On March 18, 1980, Frank Gotti, John Gotti’s 12-year-old son, was killed in a tragic car accident by a man, who was abducted, presumed murdered, later that year. Gotti, the last of the Hollywood-style Mafia icons, was New York’s most powerful mob boss in recent history, and for years, the “Teflon Don” seemed above the law.
Joe Bonanno was old school. He had plans to revamp the ranks of rival New York crime families through a series of planned assassinations in order to make himself the “boss of the bosses.” The lure of drugs and drug money was too tempting for the next generation, however, and ultimately led to the undoing of Bonanno’s criminal empire.
This morning Judge Denise Casper sentenced Bulger to two consecutive life terms plus five years saying, “The scope, the callousness, the depravity of your crimes are almost unfathomable. Your crimes are made all the more heinous because they are all about money.” Read the story of the man who ran Boston’s Winter Hill gang in the 70s and 80s.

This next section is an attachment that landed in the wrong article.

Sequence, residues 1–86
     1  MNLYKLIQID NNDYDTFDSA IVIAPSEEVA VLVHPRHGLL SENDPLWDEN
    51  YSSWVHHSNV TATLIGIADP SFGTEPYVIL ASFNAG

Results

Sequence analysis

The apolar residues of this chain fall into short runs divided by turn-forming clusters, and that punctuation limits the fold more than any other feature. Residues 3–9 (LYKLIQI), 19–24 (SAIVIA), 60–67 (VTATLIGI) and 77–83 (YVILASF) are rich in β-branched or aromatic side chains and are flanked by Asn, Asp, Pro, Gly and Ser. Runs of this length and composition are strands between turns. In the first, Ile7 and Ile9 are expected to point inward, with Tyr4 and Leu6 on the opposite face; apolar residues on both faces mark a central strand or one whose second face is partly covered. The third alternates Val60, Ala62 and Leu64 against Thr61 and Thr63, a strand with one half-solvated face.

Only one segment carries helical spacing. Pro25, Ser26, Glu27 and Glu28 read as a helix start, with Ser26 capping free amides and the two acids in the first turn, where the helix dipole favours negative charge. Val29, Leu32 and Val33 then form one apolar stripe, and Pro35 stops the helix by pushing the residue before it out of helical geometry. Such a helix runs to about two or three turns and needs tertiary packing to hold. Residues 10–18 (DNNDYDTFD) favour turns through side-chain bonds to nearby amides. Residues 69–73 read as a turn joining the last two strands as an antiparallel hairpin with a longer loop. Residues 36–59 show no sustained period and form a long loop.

Tony Soprano he isn’t. Alleged Red Mafia boss Semion Mogilevich is a new kind of mobster. He’s a world-class executive, he manages an army of criminals, owns a network of companies both large and small, and will likely be a force to be reckoned with for some time to come.
The latest from the Boston courtroom where James ‘Whitey’ Bulger is being tried for an alleged life of crime.
On January 24, 1989, John Joseph Gotti, Jr., American mobster and boss of the Gambino crime family, was arrested for ordering the 1986 assault on union official John O’Connor. Gotti, who bet the arresting officer that he would beat the charge, was released on $100,000 bail, and was in fact acquitted at trial.